This essay will aim to critically discuss some of the challenges prisons face as a criminal justice agency in the present day and it will also discuss some strategies put in place to ease these challenges within prison. Prisons are the harshest form of punishment for an individual who has committed a criminal offence, The Ministry of Justice (2018) explains the purpose of imprisonment and some aims put in place. Firstly, protection of the public – prison protects the public from the most dangerous and violent individuals. Secondly punishment, prison deprives offenders of their liberty and certain freedoms enjoyed by the rest of society and acts as a deterrent. Lastly, rehabilitation prison provides offenders with the opportunity to reflect on, and take responsibility for, their crimes and prepare them for a law-abiding life when they are released. Furthermore, The Ministry of Justice (2018) state that for prisons to be effective the basics must be right, this includes creating prisons that are secure: with the physical integrity of the prison a priority to prevent prisoners from getting out – and drugs, mobile phones and other contraband from getting in. They also explain that prisons must be safe with orderly, purposeful and structured regimes, free from violence, intimidation and self-harm, and it means creating prisons that are decent: with clean wings and humane living conditions (Ministry of Justice, 2018). Many prisons in the UK have fallen below standard and fail to meet these basic needs as they face many challenges every day.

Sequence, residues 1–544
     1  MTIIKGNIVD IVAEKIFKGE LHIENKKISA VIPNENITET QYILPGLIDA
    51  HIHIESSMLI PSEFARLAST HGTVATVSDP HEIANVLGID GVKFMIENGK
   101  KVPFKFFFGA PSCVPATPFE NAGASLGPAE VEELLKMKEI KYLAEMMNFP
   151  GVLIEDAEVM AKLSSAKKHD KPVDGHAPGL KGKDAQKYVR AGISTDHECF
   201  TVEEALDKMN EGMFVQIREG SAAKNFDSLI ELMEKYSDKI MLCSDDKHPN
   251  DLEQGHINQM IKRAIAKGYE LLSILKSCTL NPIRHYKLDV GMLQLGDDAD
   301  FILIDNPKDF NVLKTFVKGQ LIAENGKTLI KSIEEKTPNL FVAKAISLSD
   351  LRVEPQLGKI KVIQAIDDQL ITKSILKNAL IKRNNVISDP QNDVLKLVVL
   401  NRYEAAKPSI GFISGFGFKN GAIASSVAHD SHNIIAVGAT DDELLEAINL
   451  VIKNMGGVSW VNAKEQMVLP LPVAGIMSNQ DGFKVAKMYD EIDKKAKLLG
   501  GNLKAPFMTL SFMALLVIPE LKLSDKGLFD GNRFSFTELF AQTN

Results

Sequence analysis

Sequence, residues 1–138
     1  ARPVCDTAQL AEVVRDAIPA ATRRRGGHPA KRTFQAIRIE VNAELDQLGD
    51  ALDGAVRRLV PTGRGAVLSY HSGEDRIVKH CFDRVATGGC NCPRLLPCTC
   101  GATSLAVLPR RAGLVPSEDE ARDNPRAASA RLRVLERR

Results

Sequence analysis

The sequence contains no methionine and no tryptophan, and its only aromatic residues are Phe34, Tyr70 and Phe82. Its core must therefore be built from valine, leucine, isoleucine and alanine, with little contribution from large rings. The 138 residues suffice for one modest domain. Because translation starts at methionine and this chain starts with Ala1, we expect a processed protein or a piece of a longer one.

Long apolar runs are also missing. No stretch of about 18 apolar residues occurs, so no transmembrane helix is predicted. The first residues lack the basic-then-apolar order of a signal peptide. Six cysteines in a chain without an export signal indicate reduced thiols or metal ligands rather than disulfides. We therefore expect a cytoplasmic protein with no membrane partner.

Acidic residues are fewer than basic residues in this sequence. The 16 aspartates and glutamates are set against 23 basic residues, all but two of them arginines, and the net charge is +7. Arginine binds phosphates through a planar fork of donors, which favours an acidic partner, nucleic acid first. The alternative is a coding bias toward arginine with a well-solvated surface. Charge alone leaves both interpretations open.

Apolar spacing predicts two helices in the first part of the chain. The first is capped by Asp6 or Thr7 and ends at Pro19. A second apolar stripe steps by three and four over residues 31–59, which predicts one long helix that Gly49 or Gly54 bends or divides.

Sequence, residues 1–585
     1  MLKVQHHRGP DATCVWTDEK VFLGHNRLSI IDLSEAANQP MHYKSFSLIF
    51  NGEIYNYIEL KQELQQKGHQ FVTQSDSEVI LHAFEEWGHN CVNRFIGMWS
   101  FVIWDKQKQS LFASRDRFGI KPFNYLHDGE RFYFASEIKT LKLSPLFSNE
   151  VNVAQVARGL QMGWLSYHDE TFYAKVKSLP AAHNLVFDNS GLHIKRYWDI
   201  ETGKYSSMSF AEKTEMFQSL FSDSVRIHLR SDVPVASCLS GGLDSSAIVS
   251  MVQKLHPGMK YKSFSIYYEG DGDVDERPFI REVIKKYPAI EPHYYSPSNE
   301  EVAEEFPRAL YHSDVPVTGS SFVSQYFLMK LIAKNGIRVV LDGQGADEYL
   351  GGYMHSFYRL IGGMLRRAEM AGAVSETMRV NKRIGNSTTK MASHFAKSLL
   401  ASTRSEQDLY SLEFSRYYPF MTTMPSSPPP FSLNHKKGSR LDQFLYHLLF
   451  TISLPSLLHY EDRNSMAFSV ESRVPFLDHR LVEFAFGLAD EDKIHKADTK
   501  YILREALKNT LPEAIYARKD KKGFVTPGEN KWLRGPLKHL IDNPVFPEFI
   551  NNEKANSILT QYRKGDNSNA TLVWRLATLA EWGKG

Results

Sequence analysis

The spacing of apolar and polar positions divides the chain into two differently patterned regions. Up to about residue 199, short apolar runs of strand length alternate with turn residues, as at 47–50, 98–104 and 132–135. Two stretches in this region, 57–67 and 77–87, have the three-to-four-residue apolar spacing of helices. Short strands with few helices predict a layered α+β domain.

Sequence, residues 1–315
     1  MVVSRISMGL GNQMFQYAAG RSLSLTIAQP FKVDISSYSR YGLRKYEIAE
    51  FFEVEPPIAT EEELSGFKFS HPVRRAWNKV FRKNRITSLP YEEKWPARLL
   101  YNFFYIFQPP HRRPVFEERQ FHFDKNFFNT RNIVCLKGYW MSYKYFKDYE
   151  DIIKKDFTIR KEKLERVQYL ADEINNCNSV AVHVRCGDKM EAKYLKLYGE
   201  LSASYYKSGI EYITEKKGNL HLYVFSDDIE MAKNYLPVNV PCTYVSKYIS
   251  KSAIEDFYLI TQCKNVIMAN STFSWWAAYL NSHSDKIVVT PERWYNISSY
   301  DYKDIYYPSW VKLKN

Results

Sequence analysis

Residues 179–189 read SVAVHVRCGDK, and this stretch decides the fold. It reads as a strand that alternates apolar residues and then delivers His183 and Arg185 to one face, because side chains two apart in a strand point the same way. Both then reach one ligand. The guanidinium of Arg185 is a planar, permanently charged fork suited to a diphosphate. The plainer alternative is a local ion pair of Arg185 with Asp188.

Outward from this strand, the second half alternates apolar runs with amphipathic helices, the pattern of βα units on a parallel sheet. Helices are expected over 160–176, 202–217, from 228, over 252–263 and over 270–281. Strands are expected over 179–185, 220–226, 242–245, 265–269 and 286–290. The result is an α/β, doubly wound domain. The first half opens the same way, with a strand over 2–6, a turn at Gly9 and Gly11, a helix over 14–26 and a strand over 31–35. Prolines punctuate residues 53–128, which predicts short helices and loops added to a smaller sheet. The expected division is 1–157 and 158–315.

To begin with, one challenge that’s majorly affecting prisons as a criminal justice agency is that with crime rates rapidly increasing prisons are becoming overcrowded. In the UK today, there are 83,525 prisoners in England and Wales, including young offender institutions (The Howard League, 2020). Under the Ministry of Justice’s own definition of safety and decency, the prison estate should not hold more than 74,954 people. There are currently 8,571 men and women held above this level (The Howard League, 2020). In the 15 years since the first edition of the World Prison Population List the estimated prison population has increased by 25-30% but at the same time the population has risen by over 20%, and the world population prison has risen by 6% (Jewkes et al, 2016, pg 101). Jewkes et al (2016, pg 101) explains that the prison has, increasingly, become an automatic policy response to an ever growing range of social issues and problems. There appears to be a growing consensus that imprisonment is an acceptable measure not only as a response to street, interpersonal and property crime, but also to activities not straightforwardly defined as ‘criminal’, such as mental illness, homelessness, and public drunkenness. This suggests that people are becoming imprisoned for committing crimes that aren’t seen to be worthy of a prison sentence and they could potentially be given an alternative form of punishment such as probation, this could be a contributing factor towards overcrowding in prisons if the punishment is not seen to be necessary. With a growing population crime rates are increasing and the amount of people receiving prison sentences is also increasing causing an overload of prisoners meaning prisons are having to cope beyond their capacity. There are many implications due to overcrowding prisons, for example it can lead to insanitary, violent conditions that are harmful to the physical and mental well-being of prisoners (MacDonald 2018). Overcrowding includes the doubling or tripling up of inmates in a cell that should only accommodate one person this meaning privacy is not always possible, many of these cells have unscreened toilets which fail to provide even the most basic human dignity (Silvestri, 2013). Living a life where a person is restricted from having that privacy can cause anger and frustration adding pressure to existing mental health illnesses or creating them, it is more of a challenge to meet standards for humane conditions when prisons are working well over 100% of their capacity. It also becomes harder to manage prisons effectively as overcrowding puts pressure on resources and reduces the space for educational and rehabilitative programmes which is essential for prison life (MacDonald 2018). Where prisons lack in providing these programmes such as rehabilitation this increases the rates of reoffending when inmates are released, as well as these programmes supporting inmates who are mentally ill. Very little has changed for nearly 30 years, overcrowding has always been one of the biggest issues for prisons and for improvement it must be rooted out.